The air that’s sucked into the hurricane become heated and saturated with water. As a result, it becomes less dense, expands, and rises, sucking fresh air in behind it. As the hot wet air rises it cools and much of the water rains down as rain. When the, now dry air reaches a high enough altitude its air pressure is higher than that above the cold regions of the north; the air now flows away north. Because this hot wet air travels north we typically get rain in Michigan when the Carolinas are just being hit by hurricanes. As the air flows away from the centers at high altitudes it begins to spin the opposite direction, by the way, so called counter-cyclonally because angular momentum has to be consevered. At high altitudes over high pressure centers I would expect to find cyclones too (spinning cyclonally) I have not found a reference for them, but suspect that airline pilots are aware of the effect. There is some of this spin at low altitudes, but less so most of the time.

Hurricanes tend to move to the US and north through the hurricane season because, as I understand it, the cold air that keeps coming to feed the hurricane comes mostly from the coastal US. As I understand it the hurricane is not moving as such, the air stays relatively stationary and the swirl that we call a hurricane moves to the US in the effective direction of the sea-level air flow.

For tornadoes, I’m sorry to say, this explanation does not work quite as well, and Wikipedia didn’t help clear things up for me either. The force of tornadoes is much stronger than of hurricanes (the swirl is more concentrated) and the spin direction is not always cyclonic. Also tornadoes form in some surprising areas like Kansas and Michigan where hurricanes never form. My suspicion is that most, but not all tornadoes form from the same low pressure as hurricanes, but by dry heat, not wet. Tornadoes form in Michigan, Texas, and Alabama in the early summer when the ground is dry and warmer than the surrounding lakes and seas. It is not difficult to imagine the air rising from the hot ground and that a cool wind would come in from the water and beginning to swirl. The cold, damp sea air would be more dense than the hot, dry land air, and the dry air would rise. I can imagine that some of these tornadoes would occur with rain, but that many the more intense?) would have little or none; perhaps rain-fall tends to dampen the intensity of the swirl (?)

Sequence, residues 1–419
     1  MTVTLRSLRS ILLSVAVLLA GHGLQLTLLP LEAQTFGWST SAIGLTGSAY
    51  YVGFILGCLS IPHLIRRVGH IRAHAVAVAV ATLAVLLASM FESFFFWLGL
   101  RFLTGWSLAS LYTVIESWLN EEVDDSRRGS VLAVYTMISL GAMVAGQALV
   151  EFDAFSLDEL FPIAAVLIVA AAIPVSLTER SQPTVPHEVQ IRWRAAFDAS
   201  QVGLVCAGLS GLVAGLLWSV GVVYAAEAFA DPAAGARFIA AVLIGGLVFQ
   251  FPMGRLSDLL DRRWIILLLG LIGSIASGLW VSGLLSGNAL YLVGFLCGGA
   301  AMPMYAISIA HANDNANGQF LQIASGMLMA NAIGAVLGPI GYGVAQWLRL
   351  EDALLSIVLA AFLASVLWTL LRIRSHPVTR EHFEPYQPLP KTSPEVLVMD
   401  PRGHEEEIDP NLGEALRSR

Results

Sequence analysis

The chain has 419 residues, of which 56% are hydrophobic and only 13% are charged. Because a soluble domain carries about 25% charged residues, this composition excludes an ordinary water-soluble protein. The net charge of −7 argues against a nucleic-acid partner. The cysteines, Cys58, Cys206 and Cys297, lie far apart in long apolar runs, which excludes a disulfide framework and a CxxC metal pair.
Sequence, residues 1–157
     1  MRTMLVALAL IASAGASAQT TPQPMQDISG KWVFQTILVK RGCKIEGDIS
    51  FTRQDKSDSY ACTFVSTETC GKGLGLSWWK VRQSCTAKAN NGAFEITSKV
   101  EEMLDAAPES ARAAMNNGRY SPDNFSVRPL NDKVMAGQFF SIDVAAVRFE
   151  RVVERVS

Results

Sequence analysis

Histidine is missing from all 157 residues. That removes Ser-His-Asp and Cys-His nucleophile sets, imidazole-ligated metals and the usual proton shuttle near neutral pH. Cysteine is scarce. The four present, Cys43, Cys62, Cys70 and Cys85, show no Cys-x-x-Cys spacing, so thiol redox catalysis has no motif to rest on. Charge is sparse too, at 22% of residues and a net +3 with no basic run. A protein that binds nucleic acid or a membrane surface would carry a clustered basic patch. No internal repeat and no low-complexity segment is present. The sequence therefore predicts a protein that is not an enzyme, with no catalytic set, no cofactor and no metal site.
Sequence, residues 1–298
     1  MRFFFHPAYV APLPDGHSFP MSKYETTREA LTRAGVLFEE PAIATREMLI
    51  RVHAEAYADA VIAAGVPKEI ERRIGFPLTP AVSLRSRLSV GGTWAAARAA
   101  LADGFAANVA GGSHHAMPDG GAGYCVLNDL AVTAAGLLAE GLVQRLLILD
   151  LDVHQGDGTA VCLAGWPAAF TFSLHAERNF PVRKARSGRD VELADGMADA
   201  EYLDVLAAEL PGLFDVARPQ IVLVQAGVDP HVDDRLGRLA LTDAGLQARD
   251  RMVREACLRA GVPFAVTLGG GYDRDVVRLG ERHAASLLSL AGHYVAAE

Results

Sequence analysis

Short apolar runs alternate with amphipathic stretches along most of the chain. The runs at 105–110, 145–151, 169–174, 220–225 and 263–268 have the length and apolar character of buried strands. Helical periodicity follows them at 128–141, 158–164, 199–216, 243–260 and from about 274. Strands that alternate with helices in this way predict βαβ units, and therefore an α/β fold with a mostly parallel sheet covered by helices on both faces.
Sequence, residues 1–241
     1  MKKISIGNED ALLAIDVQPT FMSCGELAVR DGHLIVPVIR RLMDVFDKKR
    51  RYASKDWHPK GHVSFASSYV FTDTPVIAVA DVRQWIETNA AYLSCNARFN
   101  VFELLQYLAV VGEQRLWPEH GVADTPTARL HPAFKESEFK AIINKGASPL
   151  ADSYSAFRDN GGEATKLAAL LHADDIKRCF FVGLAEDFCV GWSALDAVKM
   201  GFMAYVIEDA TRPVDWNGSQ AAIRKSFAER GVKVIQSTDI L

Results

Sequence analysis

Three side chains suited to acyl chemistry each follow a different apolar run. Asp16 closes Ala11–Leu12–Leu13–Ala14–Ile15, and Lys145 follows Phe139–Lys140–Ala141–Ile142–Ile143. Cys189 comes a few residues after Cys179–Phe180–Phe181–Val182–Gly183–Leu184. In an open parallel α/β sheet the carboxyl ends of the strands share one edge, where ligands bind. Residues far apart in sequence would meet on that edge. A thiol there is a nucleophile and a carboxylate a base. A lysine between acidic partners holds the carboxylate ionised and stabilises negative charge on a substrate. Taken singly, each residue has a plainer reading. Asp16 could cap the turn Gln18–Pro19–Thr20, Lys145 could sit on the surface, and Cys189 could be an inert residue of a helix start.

Now we get to things that I don’t have good explanation for at all: why Kansas? Kansas isn’t particularly hot or cold; it isn’t located near lakes or seas, so why do they have so many tornadoes? I don’t know. Another issue that I don’t understand: why is it that some tornadoes rotate counter cyclonicly? Wikipedia says these tornadoes shed from other tornadoes, but this doesn’t quite seem like an explanation. My guess is that these tornadoes are caused by a relative high pressure source at ground level (a region of cold ground for example) coupled with a nearby low pressure zone (a warm lake?). My guess is that this produces an intense counter-cyclonic flow to the low pressure zone. As for why the pressure is very low in tornadoes, even these that I think are caused by high pressure, I suspect the intense low pressure is an epee-phenomenon caused by the concentration of spin — one I show in my video. That is, I suspect that the low pressure in the center of counter-cyclonic tornadoes is not the cause of the tornado but an artifact of the concentrated spin. Perhaps I’m wrong here, but that’s the explanation that seems to fit best with the info I’ve got. If you’ve got better explanations for these two issues, I’d love to hear them.